The challenge, however, is that with the convergence of technologies on the LAN—including not only communications and security devices, but a whole fleet of IoT sensors and endpoints—the risks posed by seemingly benign one-off exceptions are all too real. That casual wink and nod could easily turn into a look of dread as more and more networked devices require non-standard equipment to work as desired—and blow up any semblance of network optimization, performance and security in the process. What’s more, administrators could find themselves dealing with scores of unique fixes, without relying on the rigorous processes that are foundational to any successful IT operation.

Helping companies deal with such exceptions is just one of several challenges Frost & Sullivan’s analyst team aimed to mitigate as we developed a new set of best practices for local area networks, which we are calling the “Modern LAN.” The solution: When it comes to dealing with exceptions, it is time to stop treating them as exceptions.

As non-traditional devices become the norm, network architects simply must come to terms with the fact that solutions such as Long-Reach Power over Ethernet (LRPoE) switches must be included as part of the approved network architecture, even if that means deploying new network design techniques and technologies. It also means being open to the possibility of including new suppliers and certifying new products as part of corporate-approved solutions. Incorporating and supporting a wider array of compatible network infrastructure gear gives both architects and the administrators in the field a fresh set of tools to deploy networks reflective of the devices that are making their way into corporate offices, shop floors and remote sites.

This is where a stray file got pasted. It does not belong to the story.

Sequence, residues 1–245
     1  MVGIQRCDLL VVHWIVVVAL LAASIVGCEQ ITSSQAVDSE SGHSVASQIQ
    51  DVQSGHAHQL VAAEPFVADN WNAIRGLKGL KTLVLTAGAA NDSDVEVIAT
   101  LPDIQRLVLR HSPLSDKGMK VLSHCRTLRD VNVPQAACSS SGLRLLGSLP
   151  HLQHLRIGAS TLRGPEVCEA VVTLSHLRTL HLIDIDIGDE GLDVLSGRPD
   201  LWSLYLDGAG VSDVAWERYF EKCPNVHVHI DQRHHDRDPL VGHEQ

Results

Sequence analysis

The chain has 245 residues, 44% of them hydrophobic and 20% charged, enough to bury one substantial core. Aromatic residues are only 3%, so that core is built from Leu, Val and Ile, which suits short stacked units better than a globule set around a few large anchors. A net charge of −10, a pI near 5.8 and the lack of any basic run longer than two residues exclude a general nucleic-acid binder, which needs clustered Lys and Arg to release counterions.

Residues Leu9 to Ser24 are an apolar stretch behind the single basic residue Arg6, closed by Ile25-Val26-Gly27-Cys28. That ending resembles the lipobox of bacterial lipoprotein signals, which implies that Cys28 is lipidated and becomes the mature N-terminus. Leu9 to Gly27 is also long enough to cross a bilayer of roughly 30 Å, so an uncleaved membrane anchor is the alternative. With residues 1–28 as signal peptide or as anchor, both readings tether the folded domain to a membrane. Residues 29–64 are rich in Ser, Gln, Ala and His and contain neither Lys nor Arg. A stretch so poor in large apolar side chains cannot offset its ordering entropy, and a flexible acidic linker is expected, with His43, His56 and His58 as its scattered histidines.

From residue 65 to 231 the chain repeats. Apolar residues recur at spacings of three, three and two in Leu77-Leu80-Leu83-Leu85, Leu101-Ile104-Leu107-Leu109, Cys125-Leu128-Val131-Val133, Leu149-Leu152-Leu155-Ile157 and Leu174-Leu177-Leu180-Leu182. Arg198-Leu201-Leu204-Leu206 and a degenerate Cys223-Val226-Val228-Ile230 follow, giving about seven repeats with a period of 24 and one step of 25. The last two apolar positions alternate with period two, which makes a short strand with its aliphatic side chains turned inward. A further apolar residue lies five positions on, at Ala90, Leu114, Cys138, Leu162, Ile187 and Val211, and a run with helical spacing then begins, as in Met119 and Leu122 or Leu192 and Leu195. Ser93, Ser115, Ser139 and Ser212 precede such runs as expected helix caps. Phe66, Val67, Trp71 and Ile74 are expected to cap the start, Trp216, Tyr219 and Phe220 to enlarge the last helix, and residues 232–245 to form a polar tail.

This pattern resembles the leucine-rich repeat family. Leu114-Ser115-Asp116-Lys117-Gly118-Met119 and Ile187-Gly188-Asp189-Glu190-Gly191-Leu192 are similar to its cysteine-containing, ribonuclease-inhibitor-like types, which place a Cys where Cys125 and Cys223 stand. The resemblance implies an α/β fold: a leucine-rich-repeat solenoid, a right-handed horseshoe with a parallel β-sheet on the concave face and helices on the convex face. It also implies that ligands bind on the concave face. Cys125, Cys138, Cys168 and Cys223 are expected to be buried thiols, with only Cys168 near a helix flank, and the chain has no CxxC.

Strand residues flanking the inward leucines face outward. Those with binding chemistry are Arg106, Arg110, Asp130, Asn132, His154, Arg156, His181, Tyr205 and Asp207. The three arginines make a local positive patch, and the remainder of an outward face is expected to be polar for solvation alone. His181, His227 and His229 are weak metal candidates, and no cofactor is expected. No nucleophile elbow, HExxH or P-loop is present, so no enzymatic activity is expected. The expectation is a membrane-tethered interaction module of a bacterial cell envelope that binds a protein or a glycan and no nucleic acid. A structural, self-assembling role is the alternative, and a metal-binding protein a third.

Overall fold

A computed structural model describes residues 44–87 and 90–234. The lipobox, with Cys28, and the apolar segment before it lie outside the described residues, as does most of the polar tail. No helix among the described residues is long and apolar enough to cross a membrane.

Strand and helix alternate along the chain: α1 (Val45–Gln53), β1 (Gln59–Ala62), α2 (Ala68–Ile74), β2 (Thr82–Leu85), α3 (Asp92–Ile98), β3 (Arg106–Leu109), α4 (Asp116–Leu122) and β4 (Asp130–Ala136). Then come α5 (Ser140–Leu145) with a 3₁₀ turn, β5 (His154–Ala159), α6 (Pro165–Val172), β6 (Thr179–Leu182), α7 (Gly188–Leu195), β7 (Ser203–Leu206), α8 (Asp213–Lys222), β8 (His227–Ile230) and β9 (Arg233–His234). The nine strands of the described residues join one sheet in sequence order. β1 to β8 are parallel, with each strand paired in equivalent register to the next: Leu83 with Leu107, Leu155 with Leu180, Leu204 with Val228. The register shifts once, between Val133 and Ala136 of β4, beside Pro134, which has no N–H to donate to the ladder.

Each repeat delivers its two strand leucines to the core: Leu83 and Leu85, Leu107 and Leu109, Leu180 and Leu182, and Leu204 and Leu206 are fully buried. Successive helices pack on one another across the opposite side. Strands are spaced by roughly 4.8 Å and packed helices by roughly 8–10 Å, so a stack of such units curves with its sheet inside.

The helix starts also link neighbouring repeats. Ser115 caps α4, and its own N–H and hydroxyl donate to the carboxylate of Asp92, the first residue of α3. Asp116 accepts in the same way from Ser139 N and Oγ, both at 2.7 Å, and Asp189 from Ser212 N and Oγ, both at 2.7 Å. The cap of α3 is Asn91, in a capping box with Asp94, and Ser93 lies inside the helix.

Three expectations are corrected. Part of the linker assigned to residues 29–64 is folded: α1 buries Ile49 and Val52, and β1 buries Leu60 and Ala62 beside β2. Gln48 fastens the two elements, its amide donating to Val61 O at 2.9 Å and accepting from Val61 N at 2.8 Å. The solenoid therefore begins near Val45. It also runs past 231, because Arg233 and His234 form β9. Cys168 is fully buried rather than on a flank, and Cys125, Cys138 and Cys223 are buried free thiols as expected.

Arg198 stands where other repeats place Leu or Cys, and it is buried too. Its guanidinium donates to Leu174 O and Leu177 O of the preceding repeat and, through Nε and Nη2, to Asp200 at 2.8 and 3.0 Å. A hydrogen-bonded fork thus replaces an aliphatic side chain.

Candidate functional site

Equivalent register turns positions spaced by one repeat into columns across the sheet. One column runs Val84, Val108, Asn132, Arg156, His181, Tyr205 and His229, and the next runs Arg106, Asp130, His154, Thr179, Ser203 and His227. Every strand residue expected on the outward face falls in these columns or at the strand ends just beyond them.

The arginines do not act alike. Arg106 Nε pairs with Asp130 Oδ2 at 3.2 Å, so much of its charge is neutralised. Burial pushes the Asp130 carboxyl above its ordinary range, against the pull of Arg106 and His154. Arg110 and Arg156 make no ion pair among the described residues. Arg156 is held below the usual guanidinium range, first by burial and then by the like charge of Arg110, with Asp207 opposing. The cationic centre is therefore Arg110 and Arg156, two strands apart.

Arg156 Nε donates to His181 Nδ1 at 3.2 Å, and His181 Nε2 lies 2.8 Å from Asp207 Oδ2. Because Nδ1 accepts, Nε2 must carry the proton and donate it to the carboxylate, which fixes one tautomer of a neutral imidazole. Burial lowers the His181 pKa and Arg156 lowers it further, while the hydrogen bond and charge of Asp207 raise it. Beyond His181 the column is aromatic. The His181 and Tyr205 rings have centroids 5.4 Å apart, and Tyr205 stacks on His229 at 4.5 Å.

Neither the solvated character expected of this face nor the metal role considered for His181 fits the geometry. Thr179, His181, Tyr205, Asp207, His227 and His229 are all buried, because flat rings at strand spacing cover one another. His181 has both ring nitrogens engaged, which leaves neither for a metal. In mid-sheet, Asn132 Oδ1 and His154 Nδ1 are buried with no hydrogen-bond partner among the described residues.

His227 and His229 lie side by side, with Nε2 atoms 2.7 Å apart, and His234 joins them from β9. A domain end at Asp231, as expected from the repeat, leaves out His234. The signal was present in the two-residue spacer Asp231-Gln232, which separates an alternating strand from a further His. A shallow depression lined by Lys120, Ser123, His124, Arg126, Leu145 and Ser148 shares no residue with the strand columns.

“Dealing with Exceptions” is just one of several design best practices incorporated in the Modern LAN. To learn more, read the whitepaper “The Modern LAN: Rethinking Network Design for the Modern Age”, available at 

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By Michael Brandenburg, Frost & Sullivan Industry Analyst, Connected Work

We have entered the era of corporate responsibility and sustainability: Organizations of all sizes are being asked to think much harder about the environmental impact of the products they produce, from manufacturing to disposal. Environmental responsibility also extends to the corporate office, moving well beyond “don’t print this email,” signatures to sustainable construction, smart buildings and the deployment of IT.